The cyber attack threat continues to grow.
The latest startling statistics show that more than 80% of UK businesses experienced at least one cyber attack in 2022. This is up by just under 10% compared to the previous annual findings.
To put that into greater context, that number means more than 4,400,000 registered companies were targeted at some point over the last 12 months in the UK.
That’s not all.
The same report highlights that IT managers across the UK only spend 11.3% of their budget on security, while a survey recorded between October 2021 and January 2022 showed that 36% of businesses that suffered a cybersecurity breach took no action at all.
The reality is that, actually, businesses are easier to target than ever before. Remote working, which was forced upon us by the COVID-19 pandemic and then adopted permanently by millions of companies across multiple sectors, is leaving our networks exposed more than ever before.
The reality is that those statistics are going to look even worse later this year. And according to David Ballard, Director at UK WiFi specialist consultancy Performance Networks, it’s high time that businesses prioritised implementing more stringent security IT strategies to combat this growing threat.
Home working became an enabler in a post-pandemic world
During the pandemic, we had that immediate switch to homeworking.
That greatly accelerated the way we use home technology, how we engage with online streaming and how it has been integrated into our working lives through Apps like Zoom, Microsoft 365 +Teams, and Google Hangouts.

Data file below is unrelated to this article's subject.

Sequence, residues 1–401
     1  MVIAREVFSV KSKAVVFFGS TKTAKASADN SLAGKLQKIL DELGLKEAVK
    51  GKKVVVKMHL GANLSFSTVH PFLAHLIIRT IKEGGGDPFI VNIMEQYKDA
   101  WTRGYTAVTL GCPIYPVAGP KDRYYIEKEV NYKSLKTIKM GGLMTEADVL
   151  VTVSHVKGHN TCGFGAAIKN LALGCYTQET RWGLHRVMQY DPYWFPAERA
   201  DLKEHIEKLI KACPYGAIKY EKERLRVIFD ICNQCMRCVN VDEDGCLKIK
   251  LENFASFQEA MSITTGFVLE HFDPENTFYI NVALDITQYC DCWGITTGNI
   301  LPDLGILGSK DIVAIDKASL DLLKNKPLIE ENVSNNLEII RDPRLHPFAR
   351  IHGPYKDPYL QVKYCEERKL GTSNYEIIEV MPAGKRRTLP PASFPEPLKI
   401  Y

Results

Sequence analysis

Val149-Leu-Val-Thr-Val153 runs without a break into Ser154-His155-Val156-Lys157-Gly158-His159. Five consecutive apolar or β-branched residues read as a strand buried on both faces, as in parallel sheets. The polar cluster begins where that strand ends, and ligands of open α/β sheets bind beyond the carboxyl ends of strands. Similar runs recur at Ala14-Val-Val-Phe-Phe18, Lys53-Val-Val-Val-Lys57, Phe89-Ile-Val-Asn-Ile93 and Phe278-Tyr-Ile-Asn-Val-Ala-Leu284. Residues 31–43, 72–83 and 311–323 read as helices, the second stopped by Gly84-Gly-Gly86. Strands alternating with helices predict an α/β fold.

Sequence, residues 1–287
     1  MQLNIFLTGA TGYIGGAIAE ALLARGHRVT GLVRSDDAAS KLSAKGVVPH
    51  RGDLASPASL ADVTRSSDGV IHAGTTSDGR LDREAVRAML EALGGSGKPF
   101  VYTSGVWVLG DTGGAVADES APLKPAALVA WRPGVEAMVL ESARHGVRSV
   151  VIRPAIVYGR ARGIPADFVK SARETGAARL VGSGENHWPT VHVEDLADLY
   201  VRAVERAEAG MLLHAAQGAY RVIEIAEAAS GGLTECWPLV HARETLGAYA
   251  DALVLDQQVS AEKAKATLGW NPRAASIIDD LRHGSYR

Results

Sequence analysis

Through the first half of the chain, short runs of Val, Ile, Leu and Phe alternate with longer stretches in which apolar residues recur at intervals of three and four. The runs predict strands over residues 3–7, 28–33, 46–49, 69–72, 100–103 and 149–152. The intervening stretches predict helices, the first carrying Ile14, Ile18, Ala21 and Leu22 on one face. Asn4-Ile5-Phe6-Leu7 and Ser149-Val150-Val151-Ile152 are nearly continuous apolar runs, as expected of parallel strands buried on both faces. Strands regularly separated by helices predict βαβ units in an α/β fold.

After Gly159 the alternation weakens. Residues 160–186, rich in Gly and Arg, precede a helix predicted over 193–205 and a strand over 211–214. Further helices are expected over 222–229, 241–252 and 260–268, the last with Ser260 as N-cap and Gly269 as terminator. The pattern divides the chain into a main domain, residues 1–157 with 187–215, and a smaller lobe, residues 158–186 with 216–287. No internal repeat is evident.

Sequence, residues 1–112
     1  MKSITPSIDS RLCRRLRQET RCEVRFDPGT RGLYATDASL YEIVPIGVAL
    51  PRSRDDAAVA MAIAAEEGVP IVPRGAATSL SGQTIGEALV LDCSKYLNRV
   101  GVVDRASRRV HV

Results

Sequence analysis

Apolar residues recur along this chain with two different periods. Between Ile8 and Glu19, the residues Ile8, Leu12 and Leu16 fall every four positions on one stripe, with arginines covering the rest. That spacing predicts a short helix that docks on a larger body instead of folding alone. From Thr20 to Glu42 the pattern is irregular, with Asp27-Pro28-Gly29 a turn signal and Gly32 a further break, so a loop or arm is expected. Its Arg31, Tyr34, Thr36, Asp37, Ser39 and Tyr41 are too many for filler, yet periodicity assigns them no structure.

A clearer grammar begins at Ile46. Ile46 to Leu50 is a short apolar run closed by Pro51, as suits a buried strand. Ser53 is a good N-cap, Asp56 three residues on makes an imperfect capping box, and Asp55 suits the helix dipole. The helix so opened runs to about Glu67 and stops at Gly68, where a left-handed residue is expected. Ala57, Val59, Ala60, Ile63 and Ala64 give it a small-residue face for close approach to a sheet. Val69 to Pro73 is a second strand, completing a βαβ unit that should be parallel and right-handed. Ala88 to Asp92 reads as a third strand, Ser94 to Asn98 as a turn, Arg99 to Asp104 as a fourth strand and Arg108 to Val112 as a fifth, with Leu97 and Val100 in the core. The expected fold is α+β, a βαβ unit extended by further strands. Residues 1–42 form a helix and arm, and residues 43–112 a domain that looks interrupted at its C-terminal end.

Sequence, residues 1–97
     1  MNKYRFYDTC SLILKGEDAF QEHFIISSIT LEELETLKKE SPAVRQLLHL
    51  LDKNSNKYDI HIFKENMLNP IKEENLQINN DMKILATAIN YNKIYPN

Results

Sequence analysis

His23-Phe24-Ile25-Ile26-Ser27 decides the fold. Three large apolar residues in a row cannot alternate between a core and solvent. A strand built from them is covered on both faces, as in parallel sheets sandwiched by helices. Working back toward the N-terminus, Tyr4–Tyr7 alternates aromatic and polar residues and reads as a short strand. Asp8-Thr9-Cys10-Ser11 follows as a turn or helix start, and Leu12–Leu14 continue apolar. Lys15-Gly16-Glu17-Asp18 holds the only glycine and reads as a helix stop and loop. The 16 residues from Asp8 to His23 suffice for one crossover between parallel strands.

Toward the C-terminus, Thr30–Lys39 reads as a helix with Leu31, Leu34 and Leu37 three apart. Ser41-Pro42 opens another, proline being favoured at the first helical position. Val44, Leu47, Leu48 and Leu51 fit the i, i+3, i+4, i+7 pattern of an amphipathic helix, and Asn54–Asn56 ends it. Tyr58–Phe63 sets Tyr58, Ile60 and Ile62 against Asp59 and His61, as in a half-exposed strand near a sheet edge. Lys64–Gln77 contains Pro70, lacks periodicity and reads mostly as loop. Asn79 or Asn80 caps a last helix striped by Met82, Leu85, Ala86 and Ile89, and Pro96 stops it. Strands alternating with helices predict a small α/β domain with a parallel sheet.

Prior to that, most companies didn’t care about your home WiFi setup. That shouldn’t be the case anymore with the number of people either working fully from home or hybrid working. While remote working was initially forced upon us, statistics now show that one in five Brits wants to work full-time remotely.
That means business personnel need to be able to operate at a distance, which could not be achieved with the old ways of working.
It was a significant change for IT managers up and down the country to facilitate, to be able to implement that agility and ability to be able to work from any location.
So whilst agility was embraced to quickly enable home/remote working, there wasn’t in most cases the time to really look into the security when working from home – or a co-working space for that matter. This remains an issue even now for most companies.
But that itself has caused a problem
Going back to the overnight shift to remote/home working, IT teams had to try and find a way of managing a situation that was once housed under one roof to one that is now in multiple locations.
The vast majority of businesses have a process for working remotely. We’re well-tuned with it now and a great deal of effort and investment was put in to ensure workers were able to work from wherever they were based.
What was neglected was the security element of that. Most people are now aware of what a VPN (Virtual Private Network) is, yet further research shows that only 32% of businesses have a VPN for their remote staff.
For those unaware, a VPN (Virtual Private Network) is a service that can help secure your internet connection. It can provide an encrypted tunnel into your existing office or data centre setup, thus securing access to important resources.